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- Cait’s Column: No. 9 Quinnipiac men’s ice hockey trounced by No. 1 Cornell
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Bald for a cause
St. Baldrick's event raises $9,440
Cancer-survivor Frank Porzio, a junior, was among the more than 100 people who shaved their heads to raise awareness for childhood cancer at Student Programming Board’s St. Baldrick’s event Monday night in Burt Kahn Court.
“It just shows moral support for the kids going through [cancer],” Porzio said. “I think the event brings a lot of people together without them really even realizing it.”
Several of Porzio’s fraternity brothers in Sigma Phi Epsilon shaved their heads to show their support, as well.
“We all just realized that it’s an important reason, so we all just came out to support it,” Porzio said.
SPB teamed up with the St. Baldrick’s Foundation, an organization that raises money to find a cure for childhood cancer, and raised $9,440 as of Monday at the sixth annual event.
“It was a really good time,” SPB Arts and Entertainment Chair Sarah Dors said. “Cancer’s something that is near and dear to everybody; everybody knows somebody who’s gone through some sort of cancer, so I think [this event] is just a way that we can all come together for a really great cause.”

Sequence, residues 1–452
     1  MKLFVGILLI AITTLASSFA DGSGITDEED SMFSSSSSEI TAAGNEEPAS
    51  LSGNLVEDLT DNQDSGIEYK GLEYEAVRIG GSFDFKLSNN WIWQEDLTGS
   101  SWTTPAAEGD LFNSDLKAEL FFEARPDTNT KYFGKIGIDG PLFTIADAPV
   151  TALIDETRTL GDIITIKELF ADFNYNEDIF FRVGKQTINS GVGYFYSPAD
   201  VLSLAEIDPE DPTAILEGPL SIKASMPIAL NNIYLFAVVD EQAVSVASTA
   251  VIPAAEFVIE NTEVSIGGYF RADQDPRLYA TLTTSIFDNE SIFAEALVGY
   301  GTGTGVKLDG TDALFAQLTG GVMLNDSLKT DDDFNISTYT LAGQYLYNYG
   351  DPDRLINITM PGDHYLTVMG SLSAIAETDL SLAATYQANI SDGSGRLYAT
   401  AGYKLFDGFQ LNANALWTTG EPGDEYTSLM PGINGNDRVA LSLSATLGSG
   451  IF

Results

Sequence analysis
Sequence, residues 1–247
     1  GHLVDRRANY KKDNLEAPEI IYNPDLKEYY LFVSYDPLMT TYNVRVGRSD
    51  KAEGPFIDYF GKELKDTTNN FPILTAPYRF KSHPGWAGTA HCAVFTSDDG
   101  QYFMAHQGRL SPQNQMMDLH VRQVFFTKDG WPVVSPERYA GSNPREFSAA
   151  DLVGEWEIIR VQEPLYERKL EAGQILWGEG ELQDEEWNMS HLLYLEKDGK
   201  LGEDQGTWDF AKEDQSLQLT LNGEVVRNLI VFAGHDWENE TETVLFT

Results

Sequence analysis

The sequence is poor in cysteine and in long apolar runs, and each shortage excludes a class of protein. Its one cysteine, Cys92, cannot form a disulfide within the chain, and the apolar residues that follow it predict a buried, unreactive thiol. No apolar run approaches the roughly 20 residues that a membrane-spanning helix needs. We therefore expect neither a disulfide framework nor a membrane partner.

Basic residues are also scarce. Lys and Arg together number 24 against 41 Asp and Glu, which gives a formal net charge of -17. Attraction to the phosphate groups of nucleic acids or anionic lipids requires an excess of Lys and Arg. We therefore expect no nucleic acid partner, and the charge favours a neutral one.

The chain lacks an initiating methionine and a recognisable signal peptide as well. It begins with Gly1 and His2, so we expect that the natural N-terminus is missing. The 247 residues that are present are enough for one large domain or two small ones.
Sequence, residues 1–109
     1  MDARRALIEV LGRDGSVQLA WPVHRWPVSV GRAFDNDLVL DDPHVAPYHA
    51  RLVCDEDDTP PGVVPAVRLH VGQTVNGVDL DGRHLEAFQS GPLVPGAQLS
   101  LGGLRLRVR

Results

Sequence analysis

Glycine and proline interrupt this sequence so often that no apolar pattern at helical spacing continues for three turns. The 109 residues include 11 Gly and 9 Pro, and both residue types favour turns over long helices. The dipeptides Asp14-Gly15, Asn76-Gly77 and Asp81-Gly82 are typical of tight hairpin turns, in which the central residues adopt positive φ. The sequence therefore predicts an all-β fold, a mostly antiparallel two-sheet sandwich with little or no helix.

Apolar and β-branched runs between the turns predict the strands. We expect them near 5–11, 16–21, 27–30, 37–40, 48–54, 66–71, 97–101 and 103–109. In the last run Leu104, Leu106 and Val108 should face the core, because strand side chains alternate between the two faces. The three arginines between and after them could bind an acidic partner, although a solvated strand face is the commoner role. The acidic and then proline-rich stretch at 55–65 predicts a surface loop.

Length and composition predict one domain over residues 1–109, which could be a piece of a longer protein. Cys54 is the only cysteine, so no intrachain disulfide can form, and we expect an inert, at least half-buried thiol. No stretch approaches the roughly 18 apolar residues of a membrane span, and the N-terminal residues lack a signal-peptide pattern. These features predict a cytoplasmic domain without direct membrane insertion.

Prior to the event, students sign up to get their heads shaved and ask for donations from family and friends. Students’ fundraising goals can range from $50 to several hundred dollars.
This year’s fundraiser was organized by senior Genevieve Bregoli, SPB’s Traditions and Community chair. Since October, she has been working with a California-based St. Baldrick’s representative to put the event together.
“It’s always an emotional event just because it’s such a great cause, and it’s always great to see the community coming together to support one another,” Bregoli said.
Senior criminal justice major Gavin McKay said he shaved his head because he supports the message it sends to the Quinnipiac community.
“There’s something really cool about having everyone with their heads shaved; it’s sort of like a sign of solidarity,” McKay said. “I know [cancer] affects a lot of people and I’m sure everyone has a story that they can relate to in some way, shape or form.”
Bregoli said she “definitely” considers St. Baldrick’s to be a cause worthy of student support.
“There’s always a different crowd because different people hear about it every year, but it’s centered around the same basic concept: to support cancer research,” she said. “Whether you sign up to get your head shaved or just to volunteer, every bit of support counts.”
McKay agreed, saying the event has grown significantly since the first one he attended four years ago.
“When I was here as a freshman, the crowd was half as big, but now it’s huge,” he said. “I think everyone can really stand behind that message that we need to stand up to children’s cancer.”